By John Wilder

Many people dread the holidays because of conflicts with family members.  There is hope if you follow these guidelines.

Fighting comes naturally, peacefully resolving conflict does not.  The problem with fighting is that no one wants to “lose” the fight so we lock into combat that almost always escalates into dysfunction.  That dysfunction can be screaming, throwing things, cursing and/or  even hitting a family member.

To avoid those problems and dysfunction, I have listed some techniques that are guaranteed to work if you will use them.    A great idea is to adopt the physicians vow about dealing with your conflicts;  “ First, do no harm.”

When a family member is angry with you, the first rule is to SHUT UP AND LISTEN.  I know that it is hard to do.  You need to let them get out everything that bothers them before you counter their arguments.  Once they are done, ask to repeat back what they said so that you and the family member are sure that you understand the problem.  Then ask:  “In what way can we resolve this problem”?  This goes a long way to resolving the problem.  Calmly discuss solutions.  “A soft answer turns away wrath, but grievous words stir up anger.” Proverbs 15:1


Too many times people are locked into winning.   The problem with winning is that there is also a loser who will feel humiliated.

Better to “agree to disagree”.  In this way, neither party feels like they have “lost” the argument.


If negotiating has not worked and the person is still adamant that they want a solution the Bible has a solution:  “The lot causes contentions to cease and parts the mighty.”  Proverbs

Casting lots was a dice game, but a modern day corollary would be a flip of the coin to settle the issue.


When you are in a discussion where you both have a point of view that you feel strongly about, there is another alternative.  You can agree to negotiate the argument for a peaceful settlement.  You can do this by adopting a 10 scale.  You each assign a numerical value form 1-10 depending on how firmly you believe your side is worth.  You have to give an honest evaluation.  Using a 10 where there is absolutely no room for negotiation, to a 1 scale where you could go either way. Come up with a legitimate number to assess your position.  Suppose your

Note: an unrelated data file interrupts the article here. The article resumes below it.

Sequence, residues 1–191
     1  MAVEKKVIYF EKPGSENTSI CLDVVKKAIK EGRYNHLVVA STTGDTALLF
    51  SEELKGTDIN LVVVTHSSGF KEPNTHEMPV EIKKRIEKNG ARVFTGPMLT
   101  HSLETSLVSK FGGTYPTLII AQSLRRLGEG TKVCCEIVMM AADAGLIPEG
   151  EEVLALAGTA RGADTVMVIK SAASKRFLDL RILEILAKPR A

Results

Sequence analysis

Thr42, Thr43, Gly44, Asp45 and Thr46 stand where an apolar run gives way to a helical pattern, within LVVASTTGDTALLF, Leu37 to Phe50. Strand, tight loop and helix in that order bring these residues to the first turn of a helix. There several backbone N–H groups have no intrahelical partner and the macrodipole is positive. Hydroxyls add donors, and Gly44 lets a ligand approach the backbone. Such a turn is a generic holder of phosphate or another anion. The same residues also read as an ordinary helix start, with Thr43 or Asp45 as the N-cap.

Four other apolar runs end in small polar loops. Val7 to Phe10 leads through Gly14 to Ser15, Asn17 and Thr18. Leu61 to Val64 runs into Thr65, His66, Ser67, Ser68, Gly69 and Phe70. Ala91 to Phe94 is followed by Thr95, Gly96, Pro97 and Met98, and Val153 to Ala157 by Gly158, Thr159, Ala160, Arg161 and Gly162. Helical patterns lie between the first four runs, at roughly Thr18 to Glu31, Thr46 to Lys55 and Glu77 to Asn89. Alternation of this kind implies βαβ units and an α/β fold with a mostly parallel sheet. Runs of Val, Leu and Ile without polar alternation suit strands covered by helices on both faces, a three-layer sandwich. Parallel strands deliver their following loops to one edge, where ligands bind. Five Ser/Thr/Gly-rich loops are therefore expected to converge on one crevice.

spouse is at a 7 and you are at a 4 then you agree to give in to the spouse’s 7 to make for a peaceful resolution.


Another good way to resolve the argument is to simply compromise half way between the two points of view.  Both parties feel like they got something and don’t feel humiliated.

John Wilder has appeared as the guest expert on numerous radio and television shows on family, relationships and marriage issues. He has written for Journal of Light Construction, Canadian Contractor Magazine, Remodeling Magazine, Professional Painter Magazine, Handy Magazine, Redbook Magazine,  Do! Magazine, among several other publications.  John just completed his new book: YOU CAN ACHIEVE HAPPILY EVER AFTER AND IMPROVE YOUR LOVE LIFE TOO. You can reach John via email at where he is offering a half-hour complimentary consultation to all new clients.